ICC Note: For Saeed Abedini, and dozens of other Christians imprisoned in Iran, they spend day after day in prison simply because of their faith. The following is a retelling of what those days are like for Saeed who has spent more than two years in prison because he continues to profess faith in Jesus Christ.
04/29/2015 Iran (ACLJ) * The following is an expository narrative crafted from the information imprisoned American Pastor Saeed has shared with his family and descriptions publicized from released prisoners of Rajaei Shahr Prison. As Pastor Saeed’s wife Naghmeh says, “This is a day in the life of Saeed as he would tell it.”
8:00 AM I awake after another sleepless night, not knowing what the day will hold. Will another of my fellow inmates be dragged to the gallows today? Will another inmate steal my belongs? Will a guard threaten me to recant my faith and return to Islam? I start to try and prepare my mind for what strength I will need for another day, but my thoughts are interrupted as the guards come to count me. To them I am not a man but just another number. I debate whether to lay my head back down and skip the meager breakfast of bread and cheese, realizing that if I do, I will only have one other meager portion of food to sustain me for the entire day. Reality hits abruptly every morning, awakening me from my dreams of family and freedom. Sleep is incredibly alluring as it is in my sleep that I temporarily escape the reality of prison life. Sleep also helps me pass the time and to avoid tension among other prisoners. There are days where I don’t have the strength to get out of bed, but luckily today is not that day. Today, as I begin my day, I stop and pray to steady my mind and remind myself of the promises of God.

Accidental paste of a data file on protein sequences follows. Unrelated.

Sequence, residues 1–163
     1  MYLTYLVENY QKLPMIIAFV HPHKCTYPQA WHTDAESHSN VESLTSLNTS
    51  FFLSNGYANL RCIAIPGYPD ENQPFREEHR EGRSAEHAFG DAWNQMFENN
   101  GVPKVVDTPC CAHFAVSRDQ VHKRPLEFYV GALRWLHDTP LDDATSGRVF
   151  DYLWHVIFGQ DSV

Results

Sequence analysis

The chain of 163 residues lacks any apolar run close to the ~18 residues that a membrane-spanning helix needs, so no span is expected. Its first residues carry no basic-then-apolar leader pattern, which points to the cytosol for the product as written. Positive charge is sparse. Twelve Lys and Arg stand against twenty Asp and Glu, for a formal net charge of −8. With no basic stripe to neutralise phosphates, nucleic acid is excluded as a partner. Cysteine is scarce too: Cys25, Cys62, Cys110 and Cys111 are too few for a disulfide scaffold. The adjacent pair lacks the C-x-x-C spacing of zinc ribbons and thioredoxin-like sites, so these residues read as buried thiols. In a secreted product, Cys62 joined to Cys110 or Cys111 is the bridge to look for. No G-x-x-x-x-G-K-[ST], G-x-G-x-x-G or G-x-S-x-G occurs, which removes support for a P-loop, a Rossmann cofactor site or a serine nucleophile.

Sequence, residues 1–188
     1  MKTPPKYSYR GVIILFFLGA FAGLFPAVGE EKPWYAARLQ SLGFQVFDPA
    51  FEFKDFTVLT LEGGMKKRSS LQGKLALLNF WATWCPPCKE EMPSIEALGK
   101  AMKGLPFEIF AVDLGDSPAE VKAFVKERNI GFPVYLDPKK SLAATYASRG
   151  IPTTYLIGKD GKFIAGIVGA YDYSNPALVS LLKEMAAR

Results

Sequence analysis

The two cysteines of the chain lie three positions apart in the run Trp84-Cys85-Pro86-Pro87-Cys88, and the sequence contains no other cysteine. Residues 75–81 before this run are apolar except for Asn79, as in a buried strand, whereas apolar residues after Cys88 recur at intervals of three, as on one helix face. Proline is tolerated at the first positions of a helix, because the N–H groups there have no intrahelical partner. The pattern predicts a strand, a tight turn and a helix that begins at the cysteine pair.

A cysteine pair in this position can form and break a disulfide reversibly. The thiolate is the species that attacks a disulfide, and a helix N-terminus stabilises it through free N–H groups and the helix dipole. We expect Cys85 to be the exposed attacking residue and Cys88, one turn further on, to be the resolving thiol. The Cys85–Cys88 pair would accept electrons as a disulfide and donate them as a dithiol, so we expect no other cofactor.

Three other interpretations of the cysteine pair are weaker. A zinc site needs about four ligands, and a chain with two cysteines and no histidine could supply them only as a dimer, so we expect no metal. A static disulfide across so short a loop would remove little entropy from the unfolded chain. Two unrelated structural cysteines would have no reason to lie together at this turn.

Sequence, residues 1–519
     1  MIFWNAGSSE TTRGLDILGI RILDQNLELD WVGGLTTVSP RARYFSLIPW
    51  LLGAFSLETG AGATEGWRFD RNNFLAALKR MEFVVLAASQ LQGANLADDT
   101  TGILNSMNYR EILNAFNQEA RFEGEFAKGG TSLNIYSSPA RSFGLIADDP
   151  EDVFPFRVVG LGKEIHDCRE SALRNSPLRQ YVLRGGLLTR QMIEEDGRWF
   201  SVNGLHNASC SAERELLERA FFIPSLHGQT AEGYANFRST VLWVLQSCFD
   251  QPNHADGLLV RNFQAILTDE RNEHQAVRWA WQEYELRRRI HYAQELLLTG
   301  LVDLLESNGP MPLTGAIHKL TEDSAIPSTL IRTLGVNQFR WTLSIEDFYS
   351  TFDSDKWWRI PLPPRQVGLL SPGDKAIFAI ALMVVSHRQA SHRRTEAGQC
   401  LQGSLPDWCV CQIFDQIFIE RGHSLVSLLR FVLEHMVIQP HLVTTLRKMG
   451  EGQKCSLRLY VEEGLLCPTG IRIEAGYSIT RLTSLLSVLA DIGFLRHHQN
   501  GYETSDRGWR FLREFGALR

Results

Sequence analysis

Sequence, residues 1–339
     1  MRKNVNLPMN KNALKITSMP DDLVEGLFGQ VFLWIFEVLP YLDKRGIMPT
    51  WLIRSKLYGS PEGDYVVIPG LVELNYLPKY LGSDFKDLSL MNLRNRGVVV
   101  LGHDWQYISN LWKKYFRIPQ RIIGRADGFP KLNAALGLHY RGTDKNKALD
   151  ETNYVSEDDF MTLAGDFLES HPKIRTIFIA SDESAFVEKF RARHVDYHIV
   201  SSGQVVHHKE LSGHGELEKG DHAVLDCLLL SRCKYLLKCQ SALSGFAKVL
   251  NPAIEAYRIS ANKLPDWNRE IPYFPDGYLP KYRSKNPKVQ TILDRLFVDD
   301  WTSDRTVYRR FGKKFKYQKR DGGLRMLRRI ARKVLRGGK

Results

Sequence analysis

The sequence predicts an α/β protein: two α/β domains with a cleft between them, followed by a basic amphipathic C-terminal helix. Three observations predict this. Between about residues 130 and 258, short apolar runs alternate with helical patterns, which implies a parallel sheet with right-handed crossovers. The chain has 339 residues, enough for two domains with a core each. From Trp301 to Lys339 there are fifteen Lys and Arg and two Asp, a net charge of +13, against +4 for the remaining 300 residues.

10:00 AM Today I get to take a shower. It sounds like such a simply luxury, but here with limited facilities and severe overcrowding, I count it a blessing despite the filth I stand in to clean myself. You see, there are only 3 showers for the roughly 80 prisoners in my section of the prison. Practically, this means I get to shower roughly once a week. The water is cold, but I am grateful.
11:00 AM After my shower I contemplate whether to return to my little corner in my cell or try to mingle with other prisoners. There are roughly 80 of us in my little room built for 20, but my corner is where I can pray and avoid conflict with other prisoners. For a while I was able to make paper crosses to hang by my bed, a sort of little sanctuary, but the guards have since forbidden such displays. While the day always passes faster when I have fellowship with others, doing so has gotten increasingly more difficult. There are some prisoners here who see my very presence as a threat, for I am not only a convert to Christianity but I am also an American. This tension has only grown as the United States and Iran continue to negotiate. For today, I decide to sit in my little space, alone with my thoughts.